Transfer into the clinic in 2004 and 2005 with first patient studies using those IL-2-activated donor NK cells were performed in parallel in Europe and the US, for both, haploidentical HSCT (53), and in the non-transplant setting (43). In the latter one, Miller and coworkers used IL-2 expanded haploidentical NK to treat 43 patients with advanced cancer (43), with 19 of them suffering from acute myeloid leukemia, followed by studies in patient with ovarian and breast cancer and B-cell non-Hodgkin lymphoma (60, 79). Importantly, the authors reported in vivo persistence and even expansion of the alloreactive donor NK cells in patients pretreated with high dose preparative regimen, consisting of 5 days of 60 mg/kg intravenous cyclophosphamide and 25 mg/m2 intravenous fludarabine (43). Of note, successful NK cell engraftment was dependent on the patients’ pretreatment regimen, which was also responsible for the patients’ elevated IL-15 plasma concentrations (43). In addition, it was demonstrated that in vivo persistence of donor NK cells at day 7 after infusion and successful in vivo expansion (more than 100 donor-derived NK cells per microliter of patient blood 14 days after transfer) correlated with leukemia clearance (60). Expansion of host regulatory T cells was associated with low numbers of NK cells (60). In parallel, Koehl et al. reported on three pediatric patients with multiply relapsed leukemia (still in blast persistence at HSCT) treated with repeated transfusions of IL-2-activated donor NK cells post-haploidentical HSCT (53), which led to complete remission remaining for several weeks up to some months. In the following clinical study, they also demonstrated a small clinical benefit in patients with various malignancies receiving IL-2-activated compared to patients receiving resting NK cells only (80). Interestingly, IL-2-stimulated NK cells but not unstimulated NK cells promoted NK cell trafficking and changes in the distribution of leukocyte subpopulations in the peripheral blood. In the meanwhile, safety and feasibility using IL-2-activated and -expanded NK cells for adaptive immunotherapy has been demonstrated in various clinical studies as summarized in a recent review by Koehl and others (33).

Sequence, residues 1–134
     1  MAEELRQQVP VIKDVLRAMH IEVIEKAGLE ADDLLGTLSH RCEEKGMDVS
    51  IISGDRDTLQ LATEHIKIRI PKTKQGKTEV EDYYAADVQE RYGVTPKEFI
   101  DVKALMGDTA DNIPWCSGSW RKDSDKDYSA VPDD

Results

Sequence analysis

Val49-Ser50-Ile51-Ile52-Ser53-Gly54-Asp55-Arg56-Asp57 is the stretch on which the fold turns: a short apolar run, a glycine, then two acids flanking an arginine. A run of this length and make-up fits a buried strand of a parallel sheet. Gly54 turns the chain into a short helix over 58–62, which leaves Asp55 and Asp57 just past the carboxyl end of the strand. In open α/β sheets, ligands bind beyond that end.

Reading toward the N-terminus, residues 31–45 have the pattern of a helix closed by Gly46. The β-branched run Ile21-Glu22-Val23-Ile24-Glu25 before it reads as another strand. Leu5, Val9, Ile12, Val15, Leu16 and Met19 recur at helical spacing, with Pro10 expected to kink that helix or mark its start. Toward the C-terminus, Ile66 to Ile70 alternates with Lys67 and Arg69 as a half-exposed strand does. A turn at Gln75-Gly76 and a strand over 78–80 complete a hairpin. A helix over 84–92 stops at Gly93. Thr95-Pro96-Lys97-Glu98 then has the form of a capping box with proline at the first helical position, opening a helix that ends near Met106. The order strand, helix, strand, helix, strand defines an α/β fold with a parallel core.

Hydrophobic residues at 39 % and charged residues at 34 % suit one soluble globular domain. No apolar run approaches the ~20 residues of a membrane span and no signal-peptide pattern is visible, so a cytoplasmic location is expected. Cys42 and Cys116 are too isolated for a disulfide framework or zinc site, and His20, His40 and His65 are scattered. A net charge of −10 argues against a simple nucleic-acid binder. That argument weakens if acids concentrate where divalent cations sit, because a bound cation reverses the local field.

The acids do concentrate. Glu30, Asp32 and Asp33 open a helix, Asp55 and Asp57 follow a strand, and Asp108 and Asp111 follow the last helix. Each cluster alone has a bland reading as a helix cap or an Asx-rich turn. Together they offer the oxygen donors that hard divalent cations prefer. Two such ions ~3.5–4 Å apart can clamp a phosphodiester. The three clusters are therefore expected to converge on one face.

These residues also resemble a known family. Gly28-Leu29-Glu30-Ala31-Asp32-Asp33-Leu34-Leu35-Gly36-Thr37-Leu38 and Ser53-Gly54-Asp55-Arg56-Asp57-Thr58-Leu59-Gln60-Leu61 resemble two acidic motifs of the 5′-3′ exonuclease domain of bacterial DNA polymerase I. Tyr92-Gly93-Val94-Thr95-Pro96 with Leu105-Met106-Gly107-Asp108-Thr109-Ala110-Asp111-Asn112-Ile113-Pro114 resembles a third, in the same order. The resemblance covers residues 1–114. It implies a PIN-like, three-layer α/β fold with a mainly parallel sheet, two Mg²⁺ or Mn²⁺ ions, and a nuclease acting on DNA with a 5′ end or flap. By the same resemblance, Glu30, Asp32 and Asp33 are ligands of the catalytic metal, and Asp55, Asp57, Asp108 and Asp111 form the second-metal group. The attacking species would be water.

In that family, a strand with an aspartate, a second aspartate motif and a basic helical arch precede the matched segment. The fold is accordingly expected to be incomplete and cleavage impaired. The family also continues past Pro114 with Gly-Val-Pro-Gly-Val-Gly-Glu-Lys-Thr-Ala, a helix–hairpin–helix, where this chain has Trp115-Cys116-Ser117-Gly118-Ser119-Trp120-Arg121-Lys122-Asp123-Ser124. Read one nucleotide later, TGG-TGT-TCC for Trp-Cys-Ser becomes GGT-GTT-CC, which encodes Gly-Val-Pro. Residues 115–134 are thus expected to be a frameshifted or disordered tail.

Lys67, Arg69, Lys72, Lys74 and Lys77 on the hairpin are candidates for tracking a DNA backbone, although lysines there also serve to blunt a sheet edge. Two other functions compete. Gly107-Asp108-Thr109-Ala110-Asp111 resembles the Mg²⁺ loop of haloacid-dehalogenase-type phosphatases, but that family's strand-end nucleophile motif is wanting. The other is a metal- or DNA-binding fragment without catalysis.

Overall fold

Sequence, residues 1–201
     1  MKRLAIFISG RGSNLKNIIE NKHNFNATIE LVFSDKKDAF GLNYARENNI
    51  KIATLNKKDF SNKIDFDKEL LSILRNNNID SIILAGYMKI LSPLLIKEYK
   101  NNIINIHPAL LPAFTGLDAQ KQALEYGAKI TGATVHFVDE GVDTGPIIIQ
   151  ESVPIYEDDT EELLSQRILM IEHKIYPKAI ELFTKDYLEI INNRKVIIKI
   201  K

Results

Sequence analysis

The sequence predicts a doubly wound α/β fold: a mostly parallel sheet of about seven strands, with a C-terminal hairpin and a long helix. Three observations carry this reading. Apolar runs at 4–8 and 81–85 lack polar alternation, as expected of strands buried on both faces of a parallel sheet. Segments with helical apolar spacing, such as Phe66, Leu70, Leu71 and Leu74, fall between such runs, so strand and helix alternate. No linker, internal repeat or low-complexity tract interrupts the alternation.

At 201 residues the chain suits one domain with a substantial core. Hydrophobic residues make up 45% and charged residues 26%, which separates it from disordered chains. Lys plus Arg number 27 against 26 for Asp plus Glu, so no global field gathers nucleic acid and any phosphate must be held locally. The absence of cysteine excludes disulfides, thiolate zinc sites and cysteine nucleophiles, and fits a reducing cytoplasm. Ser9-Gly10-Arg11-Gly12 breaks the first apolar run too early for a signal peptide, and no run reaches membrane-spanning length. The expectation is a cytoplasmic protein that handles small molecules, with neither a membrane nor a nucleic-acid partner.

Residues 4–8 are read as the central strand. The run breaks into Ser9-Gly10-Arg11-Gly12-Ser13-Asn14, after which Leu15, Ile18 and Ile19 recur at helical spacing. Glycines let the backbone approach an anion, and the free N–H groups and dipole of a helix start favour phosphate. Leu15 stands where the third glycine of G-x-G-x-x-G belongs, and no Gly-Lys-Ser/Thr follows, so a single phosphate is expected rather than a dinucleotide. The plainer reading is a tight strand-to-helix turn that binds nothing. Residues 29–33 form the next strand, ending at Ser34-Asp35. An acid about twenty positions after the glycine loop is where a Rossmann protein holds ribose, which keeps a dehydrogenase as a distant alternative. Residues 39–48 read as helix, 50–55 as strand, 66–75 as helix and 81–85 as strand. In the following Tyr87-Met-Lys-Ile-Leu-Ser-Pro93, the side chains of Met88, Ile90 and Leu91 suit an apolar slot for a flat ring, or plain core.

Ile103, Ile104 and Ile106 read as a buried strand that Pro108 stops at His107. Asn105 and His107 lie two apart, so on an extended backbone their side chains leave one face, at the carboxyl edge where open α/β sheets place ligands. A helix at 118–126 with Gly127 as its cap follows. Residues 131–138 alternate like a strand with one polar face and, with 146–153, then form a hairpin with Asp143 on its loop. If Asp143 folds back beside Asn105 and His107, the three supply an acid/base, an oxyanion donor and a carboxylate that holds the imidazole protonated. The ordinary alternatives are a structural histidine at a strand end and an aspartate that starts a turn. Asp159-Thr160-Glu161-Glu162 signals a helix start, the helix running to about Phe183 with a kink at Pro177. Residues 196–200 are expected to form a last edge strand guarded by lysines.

Impact of IL-15 on NK Cell Expansion
Carson et al. postulated that NK cells might be dependent on other cytokines than IL-2 such as IL-15 (81, 82). The trimeric IL-15 receptor on NK cells shares two subunits with the IL-2R, but not CD25 forming the high affinity IL-2R. Therefore, they also share some functions, e.g., maintenance of NK cell survival (82). Similarities and differences between IL-2 and IL-15 effects on NK cells have been extensively reviewed elsewhere, and IL-15 might be the preferable cytokine for cancer therapy as it inhibits activation-induced cell death and it is considered safe (83–85). In addition, compared to IL-2, IL-15 leads to more sustained antitumor capacity of NK cells via signaling through mammalian target of rapamycin and stress-activated gene expression (86). However, recent data revealed that continuous IL-15 signaling causes functional exhaustion of NK cells by decreased fatty acid oxidation, resulting in lower cytotoxicity in vitro and decreased tumor control in vivo (87). Thus, optimal dosing and timing of IL-15 is critical for ex vivo NK cell activation. Purified NK cells expanded using IL-15 exhibit upregulation of NCRs and CD69 and cytolysis of leukemia and primary ALL blasts (51). Enhanced cytotoxicity of IL-15-stimulated NK cells against leukemia and rhabdomyosarcoma cell lines could be attributed to NCRs, DNAM-1 and NKG2D (54). Using IL-15 to expand NK cells from CD56-enriched PBMC for 20 days resulted in a 23-fold expansion of CD3−CD56+ NK cells with a final purity of about 98% (63). NK cells generated with the latter protocol were transferred to 15 non-small lung cancer patients in a phase I clinical trial in two to four doses of 0.2–29 × 106 NK cells/kg, showing the safety of the approach (63).